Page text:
First one wet macular degeneration and one dry; then both wet
As a 65 year old male, tall and thin, I was struggling to see my detailed work of electronics. At a visit to the optometrist she told me that she could not help and that I needed to see an eye surgeon.
The ophthalmologist told me that I had cataracts in both eyes and that I also had age-related macular degeneration (ARMD), one wet and the other dry. I then asked him that as I did not have medical aid nor enough money for his private treatment would he kindly give me a referral letter to the state hospital. No, he said, I myself will treat you!
His name is Dr. Peter Ambrose. He immediately gave me the first of many injections of Avastin, directly into my 'wet' eye to stop, slow or even possibly reverse the damage. My eye responded well to that treatment. He also scheduled my first cataract removal and intra-ocular lens implant operation for 10 days hence. The injections continued and about a year after the first cataract removal he gave me a laser treatment to repair what is sometimes called an after cataract where the hammock securing the lens also gets cloudy.
The result was immediate and stunningly beautiful. He then scheduled the second cataract op. on my 'dry' eye. Both operations were carried out with a general anaesthetic. Again it was successful.
About a year after that I contracted the more serious form of tuberculosis known as multi drug resistant TB. Because of the TB I nearly died, not only from the disease itself but also from the effects and side effects of the very toxic medication. During this period I was unable to attend the eye injections. Once I had recovered from the TB I went back to Dr. Ambrose and learned that my wet eye had fallen to 5% acuity and my dry eye had also transformed to wet. That acuity was now 60%. I am totally functional with my eyesight just enjoying all the crooked lines of buildings etc. and seeing cars on the highway as though one side of them had been pinched and pulled up by a giant hand as though they were made of plastercine.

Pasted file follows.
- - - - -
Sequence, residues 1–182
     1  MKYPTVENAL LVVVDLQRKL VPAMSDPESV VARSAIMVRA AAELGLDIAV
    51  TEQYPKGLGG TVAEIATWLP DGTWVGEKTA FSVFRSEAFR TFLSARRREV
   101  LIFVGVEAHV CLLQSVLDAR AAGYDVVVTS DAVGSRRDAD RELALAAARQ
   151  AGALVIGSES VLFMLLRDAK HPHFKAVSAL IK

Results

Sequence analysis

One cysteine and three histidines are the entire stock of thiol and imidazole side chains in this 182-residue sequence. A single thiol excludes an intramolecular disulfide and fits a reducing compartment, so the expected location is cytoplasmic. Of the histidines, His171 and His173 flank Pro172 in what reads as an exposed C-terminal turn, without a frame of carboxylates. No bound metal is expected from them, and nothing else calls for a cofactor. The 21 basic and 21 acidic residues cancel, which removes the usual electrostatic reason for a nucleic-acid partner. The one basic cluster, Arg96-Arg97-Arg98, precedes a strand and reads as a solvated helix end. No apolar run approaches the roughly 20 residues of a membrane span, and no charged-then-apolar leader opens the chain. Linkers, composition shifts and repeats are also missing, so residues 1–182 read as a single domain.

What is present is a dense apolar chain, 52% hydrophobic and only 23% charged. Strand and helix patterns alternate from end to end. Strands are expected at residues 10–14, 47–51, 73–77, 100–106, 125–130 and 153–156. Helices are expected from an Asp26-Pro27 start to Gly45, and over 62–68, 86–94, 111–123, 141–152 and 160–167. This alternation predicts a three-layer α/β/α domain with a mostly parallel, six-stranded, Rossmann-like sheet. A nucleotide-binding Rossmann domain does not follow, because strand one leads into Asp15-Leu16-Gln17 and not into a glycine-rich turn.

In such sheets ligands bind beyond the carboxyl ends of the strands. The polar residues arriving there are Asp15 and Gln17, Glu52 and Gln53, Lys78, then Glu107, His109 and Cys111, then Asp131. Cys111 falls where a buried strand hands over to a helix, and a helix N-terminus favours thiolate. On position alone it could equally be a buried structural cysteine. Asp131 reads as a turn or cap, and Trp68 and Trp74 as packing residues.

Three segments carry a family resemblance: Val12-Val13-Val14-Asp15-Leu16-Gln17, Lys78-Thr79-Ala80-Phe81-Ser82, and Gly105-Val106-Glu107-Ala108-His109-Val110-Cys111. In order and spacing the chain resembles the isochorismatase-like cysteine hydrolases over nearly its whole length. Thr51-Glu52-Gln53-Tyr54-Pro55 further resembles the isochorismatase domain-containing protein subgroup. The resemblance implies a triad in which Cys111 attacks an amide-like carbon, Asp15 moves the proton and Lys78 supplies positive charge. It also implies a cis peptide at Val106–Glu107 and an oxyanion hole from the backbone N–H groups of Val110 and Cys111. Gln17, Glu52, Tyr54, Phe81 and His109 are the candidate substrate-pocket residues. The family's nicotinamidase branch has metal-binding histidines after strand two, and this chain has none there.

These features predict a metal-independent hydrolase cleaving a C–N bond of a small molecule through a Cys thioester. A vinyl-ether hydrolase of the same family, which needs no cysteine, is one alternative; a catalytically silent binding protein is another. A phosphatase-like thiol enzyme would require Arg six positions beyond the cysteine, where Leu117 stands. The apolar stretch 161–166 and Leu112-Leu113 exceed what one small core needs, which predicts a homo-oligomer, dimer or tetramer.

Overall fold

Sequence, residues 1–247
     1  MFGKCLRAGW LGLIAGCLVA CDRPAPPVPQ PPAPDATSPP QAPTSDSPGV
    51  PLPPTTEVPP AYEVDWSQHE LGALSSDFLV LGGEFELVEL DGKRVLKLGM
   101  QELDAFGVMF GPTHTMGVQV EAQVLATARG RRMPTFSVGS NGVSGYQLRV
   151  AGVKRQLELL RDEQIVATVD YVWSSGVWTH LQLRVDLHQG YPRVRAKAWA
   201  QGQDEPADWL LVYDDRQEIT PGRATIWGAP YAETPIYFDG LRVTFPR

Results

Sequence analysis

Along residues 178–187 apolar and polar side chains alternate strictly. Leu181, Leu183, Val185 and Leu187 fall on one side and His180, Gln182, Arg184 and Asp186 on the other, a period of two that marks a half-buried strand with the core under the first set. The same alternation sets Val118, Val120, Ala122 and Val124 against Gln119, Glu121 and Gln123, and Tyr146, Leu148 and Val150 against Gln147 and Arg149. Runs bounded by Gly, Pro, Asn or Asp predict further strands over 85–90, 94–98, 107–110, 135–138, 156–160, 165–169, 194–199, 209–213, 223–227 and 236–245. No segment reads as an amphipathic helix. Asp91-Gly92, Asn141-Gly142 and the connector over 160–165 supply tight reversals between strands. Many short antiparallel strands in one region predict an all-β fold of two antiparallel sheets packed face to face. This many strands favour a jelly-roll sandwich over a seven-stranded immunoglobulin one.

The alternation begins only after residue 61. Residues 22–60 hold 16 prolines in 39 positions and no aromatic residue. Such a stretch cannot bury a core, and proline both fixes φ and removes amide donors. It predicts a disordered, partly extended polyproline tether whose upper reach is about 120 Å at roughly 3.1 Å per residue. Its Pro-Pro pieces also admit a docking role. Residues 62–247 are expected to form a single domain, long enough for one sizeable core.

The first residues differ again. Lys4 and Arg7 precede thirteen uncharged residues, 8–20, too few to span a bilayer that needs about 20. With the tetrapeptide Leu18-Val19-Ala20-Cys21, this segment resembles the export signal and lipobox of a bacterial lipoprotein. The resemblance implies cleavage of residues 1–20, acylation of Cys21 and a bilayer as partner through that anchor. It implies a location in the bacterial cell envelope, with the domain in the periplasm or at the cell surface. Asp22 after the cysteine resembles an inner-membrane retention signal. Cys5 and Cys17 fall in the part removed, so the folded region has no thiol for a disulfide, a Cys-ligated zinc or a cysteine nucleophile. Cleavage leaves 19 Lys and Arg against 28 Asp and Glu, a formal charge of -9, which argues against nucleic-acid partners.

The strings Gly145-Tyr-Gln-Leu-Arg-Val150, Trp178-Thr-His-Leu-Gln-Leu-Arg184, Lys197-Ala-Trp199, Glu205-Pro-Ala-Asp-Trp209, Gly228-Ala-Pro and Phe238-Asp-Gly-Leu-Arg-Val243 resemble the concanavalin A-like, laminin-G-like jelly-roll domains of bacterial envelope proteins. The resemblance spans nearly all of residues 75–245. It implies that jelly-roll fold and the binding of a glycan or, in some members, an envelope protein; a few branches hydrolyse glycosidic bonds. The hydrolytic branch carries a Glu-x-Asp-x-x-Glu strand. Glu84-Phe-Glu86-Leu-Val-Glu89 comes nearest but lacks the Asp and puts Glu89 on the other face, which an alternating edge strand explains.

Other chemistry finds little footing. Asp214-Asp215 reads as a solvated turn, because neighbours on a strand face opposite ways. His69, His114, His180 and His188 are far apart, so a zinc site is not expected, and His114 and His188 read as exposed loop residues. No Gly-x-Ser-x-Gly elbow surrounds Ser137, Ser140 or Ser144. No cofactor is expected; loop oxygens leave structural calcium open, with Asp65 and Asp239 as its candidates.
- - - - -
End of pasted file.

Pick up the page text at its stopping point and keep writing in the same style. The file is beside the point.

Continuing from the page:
The real difficulties are very poor night vision and in poor lighting having to look through a cloud, hence no detailed sight. The only other problem is it takes a few seconds to recognize an object especially if it is on the same colour background.
I am now 70 and just enjoying myself, I'm not worried, I know there are problems, but hey, these things come with age, preferable to the down under option. What I can and do do is to show Dr. Ambrose that his effort and generosity was well placed with me by simply enjoying myself. (I think he is actually an angel.) I forgot to mention that my colour vision is also poor.
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